Protecting Male Fertility: 6 Things Every Man Can Do
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The Male Biological Clock
What Every Man Can Do
The evidence seems clear that at least the possibility of a male biological clock exists, not everyone believes it comes with a male fertility alarm. Indeed, some experts cling steadfastly to the notion of omnipotent and virtually indestructible male fertilty and healthy sperm at any age.
"I'm not at all convinced [age is a factor]. These are not prospective studies and you cannot pick the disease state and then work backwards. You can't do it that way because you're going to come up with the wrong conclusion. You may have the observation, but you don't have the link," asserts Andrew McCullough, MD, director of sexual health and male infertility at NYU-Langone Medical Center in New York City.
He adds that until there is a study that controls for all the variables -- which may be impossible -- all we have are assumptions and no proof.
"These are observations worth noting, but to say 'Aha, this is the answer' -- well that's a real stretch," says McCullough.
Silverman comments that while the evidence on male fertility may be too new to draw finite conclusions, he says the findings thus far are relevant and a portent of things to come.
"Eventually I believe we will have the research to show that when it comes to fathering a child, time isn't always on a man's side," says Silverman.
In the meantime, as embryologist McCulloh points out, every man can protect his fertility and his parenting potential at any age by taking better care of his overall health.
McCulloh says, "If you don't smoke, only drink in moderation, exercise daily, and eat a healthy diet, you are likely to remain healthier in general -- and that means a healthier reproductive system overall."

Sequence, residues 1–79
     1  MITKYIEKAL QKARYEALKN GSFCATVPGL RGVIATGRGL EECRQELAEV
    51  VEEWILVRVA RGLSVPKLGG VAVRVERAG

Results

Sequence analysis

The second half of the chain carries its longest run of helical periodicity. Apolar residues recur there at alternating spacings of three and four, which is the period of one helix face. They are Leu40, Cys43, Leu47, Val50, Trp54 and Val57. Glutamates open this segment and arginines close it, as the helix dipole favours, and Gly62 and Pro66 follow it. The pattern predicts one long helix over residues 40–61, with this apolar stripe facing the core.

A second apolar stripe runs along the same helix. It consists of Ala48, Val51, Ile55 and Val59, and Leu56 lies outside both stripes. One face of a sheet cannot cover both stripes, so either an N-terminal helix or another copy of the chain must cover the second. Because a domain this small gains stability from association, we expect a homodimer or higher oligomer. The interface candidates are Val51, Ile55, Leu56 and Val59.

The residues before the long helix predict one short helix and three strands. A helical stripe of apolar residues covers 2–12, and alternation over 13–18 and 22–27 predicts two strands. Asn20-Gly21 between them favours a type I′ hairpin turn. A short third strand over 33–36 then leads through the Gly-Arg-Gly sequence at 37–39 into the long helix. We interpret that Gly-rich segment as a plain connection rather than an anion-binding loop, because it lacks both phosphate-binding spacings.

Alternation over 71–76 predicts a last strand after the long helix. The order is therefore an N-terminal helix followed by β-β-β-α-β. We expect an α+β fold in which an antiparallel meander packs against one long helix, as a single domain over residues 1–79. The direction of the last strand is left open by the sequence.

Protecting the Health of Sperm
Experts also say men can take additional steps to protect the health of their sperm as well as their potency, and their fertility at every age. Try the following:
* Avoid steroid use. Muculloh says it's one of the most prominent causes of male infertility.
* Control blood pressure. If you are already taking medication for hypertension and thinking about fathering a child, tell your doctor. Muculloh says certain blood pressure medications can be detrimental to sperm and male fertility.
* Reduce alcohol intake, particularly in the three months prior to conceiving.
* Get adequate cardiovascular exercise. The healthier your heart is the less likely you are to develop circulatory problems linked to impotence.
* Limit the use of a notebook computer directly on your lap, as well as other sources of high heat, including hot tubs and Jacuzzis. This can impact sperm production and male fertility.
* Avoid exposure to heavy metals, such as lead and cadmium, as well as radiation and toxic chemicals, including some pesticides. All can have long term effects on sperm production and male fertility.
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Copyright 20056 -2007 -Colette Bouchez. Any and all use requires the author's explicit permission , which may be assigned or revoked at any time, for any reason. . Any unauthorized use of these articles shall be considered a breech of copyright law.